A woman walking to her car found them: two teenage girls, naked and dead in a sliver of woods behind an apartment parking lot. They were facedown, side by side, as if placed there with care. “A horrible scene,” the police commissioner said that day. “Like two little dolls at Christmastime.”
It was Aug. 14, 1974, in Montvale, New Jersey, a suburb just over the New York state line. The girls, Mary Ann Pryor, 17, and Lorraine Kelly, 16, had last been seen days earlier at a nearby bus stop. The police believed they had given up on the bus and were trying to hitchhike to a mall.
Their murders shook the region. No one could find any clues in the girls’ backgrounds: no drugs, no trouble with the law. Boyfriends, ex-boyfriends, family members — all were questioned and cleared of suspicion. The police “pursued a welter of tips, rumors and false alarms,” The New York Times reported at the time.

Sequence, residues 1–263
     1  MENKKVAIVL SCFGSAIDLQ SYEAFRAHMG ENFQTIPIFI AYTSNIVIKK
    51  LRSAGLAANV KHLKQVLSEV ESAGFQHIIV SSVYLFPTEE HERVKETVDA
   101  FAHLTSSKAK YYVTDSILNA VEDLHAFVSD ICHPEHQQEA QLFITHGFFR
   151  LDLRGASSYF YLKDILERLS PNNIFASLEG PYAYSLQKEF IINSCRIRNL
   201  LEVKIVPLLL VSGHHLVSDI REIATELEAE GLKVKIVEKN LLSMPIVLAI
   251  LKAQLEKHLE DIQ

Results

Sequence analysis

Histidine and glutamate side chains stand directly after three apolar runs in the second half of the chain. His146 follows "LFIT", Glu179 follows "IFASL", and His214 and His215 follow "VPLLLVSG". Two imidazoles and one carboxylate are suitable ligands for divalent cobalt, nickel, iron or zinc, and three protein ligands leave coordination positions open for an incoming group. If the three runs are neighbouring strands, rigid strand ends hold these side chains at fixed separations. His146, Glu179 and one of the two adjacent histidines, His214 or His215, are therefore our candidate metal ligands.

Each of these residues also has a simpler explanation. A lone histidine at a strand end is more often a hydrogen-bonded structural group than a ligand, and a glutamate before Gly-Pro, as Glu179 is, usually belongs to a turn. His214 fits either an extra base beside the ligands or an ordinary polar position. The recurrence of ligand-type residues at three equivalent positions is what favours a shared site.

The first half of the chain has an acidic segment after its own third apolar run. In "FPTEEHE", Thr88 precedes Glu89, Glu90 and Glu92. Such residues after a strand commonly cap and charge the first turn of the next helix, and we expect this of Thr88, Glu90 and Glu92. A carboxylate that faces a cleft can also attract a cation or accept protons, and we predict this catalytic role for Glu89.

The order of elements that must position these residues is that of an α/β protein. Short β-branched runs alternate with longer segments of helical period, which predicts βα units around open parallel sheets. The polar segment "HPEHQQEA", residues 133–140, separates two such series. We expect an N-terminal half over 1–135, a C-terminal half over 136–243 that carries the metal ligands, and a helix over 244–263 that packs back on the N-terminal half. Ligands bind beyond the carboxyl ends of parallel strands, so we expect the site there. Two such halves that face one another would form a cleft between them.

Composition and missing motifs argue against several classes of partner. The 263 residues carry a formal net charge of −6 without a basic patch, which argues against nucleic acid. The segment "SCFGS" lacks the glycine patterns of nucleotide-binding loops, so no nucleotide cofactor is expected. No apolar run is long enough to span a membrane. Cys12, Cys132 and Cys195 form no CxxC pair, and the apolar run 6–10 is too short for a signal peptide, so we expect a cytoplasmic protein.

Years ticked past, 1974 into 1975, into the 1980s, the 1990s. When the 40th year since the killings arrived in 2014, the local police asked the public for any new information. No leads were forthcoming. The 45th year passed in the same way.